Sit still, be quiet, and listen. This is what we ask our children to do so that they can focus at school, eat dinner at the table, or make it through a grocery store visit riding passenger in the cart.
But what if the secret to learning was actually in movement?
In the field of neuroscience, leading thinkers discovered that movement stimulates the brain’s lifelong growth and plasticity and has been linked to improved concentration and focus, memory, academics, language acquisition, physical coordination, emotional and behavioral regulation, and more.
When we combine neurological milestones - aka those movements that occurred the firsts few years of life - with multi-sensory movements specific to eye-teaming, hand-eye coordination, and whole-body awareness, the architecture of the brain changes, bringing swift cognitive and social-emotional development to children of all ages.
Learning And Stress
Oftentimes, stress is placed on the pace at which academic markers are reached, which often complicates a child’s educational experience. For learning to occur, experts say, children must feel a sense of safety and connection. Humans are natural learners, and children learn best through play. When children can look, listen and move without stress, they remain curious about their senses and interact with the world around them.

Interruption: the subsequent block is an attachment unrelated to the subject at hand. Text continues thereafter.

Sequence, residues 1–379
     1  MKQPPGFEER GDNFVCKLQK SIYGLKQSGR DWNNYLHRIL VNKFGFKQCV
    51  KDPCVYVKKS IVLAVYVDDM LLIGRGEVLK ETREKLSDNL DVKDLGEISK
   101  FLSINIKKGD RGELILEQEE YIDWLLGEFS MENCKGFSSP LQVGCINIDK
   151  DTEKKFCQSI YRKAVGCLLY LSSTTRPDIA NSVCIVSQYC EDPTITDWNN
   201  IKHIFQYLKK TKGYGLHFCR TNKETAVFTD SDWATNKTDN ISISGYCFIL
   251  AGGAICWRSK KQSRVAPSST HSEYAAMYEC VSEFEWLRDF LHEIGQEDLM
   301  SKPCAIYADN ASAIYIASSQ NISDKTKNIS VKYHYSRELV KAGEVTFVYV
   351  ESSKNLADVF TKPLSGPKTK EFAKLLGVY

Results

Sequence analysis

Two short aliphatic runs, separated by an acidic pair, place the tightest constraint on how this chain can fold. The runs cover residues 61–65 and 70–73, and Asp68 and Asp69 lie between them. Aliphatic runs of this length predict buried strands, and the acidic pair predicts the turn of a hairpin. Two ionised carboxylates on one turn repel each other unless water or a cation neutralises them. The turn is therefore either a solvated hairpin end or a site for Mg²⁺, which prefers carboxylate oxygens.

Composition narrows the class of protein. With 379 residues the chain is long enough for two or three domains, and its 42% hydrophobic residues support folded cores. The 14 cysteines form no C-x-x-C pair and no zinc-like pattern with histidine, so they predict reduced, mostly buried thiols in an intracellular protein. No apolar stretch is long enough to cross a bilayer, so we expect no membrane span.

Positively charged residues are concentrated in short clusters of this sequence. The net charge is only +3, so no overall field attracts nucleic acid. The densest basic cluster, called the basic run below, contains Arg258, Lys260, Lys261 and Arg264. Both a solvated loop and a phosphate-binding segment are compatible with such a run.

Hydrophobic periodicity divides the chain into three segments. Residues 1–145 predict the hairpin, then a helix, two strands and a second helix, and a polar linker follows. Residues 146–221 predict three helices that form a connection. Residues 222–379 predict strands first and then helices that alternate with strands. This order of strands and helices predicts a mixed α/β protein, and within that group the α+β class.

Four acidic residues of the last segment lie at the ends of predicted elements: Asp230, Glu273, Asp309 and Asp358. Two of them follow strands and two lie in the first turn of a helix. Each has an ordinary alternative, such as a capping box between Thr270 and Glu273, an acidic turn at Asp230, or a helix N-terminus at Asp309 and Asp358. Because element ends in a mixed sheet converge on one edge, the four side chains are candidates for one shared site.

Dr. Paul Dennison, creator of Educational Kinesiology studied students early in his career and found that when students were strained or inactive throughout the day, their learning ability “switched off”. By applying movement to children’s daily experiences, it awakens their brains for higher learning and/or calms their nervous system for focused activity. This happens with three primary movement patterns:
- Sensorimotor and midline movements, which are the two-sidedness fundamental to reading, writing, listening, speaking, creativity, and problem-solving.
- Stability and centering movements, which merges one’s center of mass and center of balance to self-calm, focus, follow directions and perform executive functions.
- Locomotion and lengthening exercises, which allow us to move from place to place with optimal muscle length for focus and ease, and are associated with less anxiety, tantrums, and stress.
3 Bunny Brain Breaks To Increase Emotional Regulation And Academic Learning
Because brain and body breaks are beneficial to children and adults of all neurotypes, we thought it would be fun to share spring-inspired “bunny brain breaks” that kids can do before a focused task, to take a break, or to activate their learning brains.1. Bunny Breath
2. Bunny Body
Besides being fun, larger, gross motor body exercises can target the vestibular and proprioceptive sensory systems.
Together with your child, use the printable to cut out and create your bunny ears and wear them for these two activities:
Movement can alter the brain and lead to learning readiness. And when you can insert a little fun into it, well, you have a big ol’ win for both you and your child. Learning doesn’t have to be stressful, in fact, it can be a “hoppy” experience.
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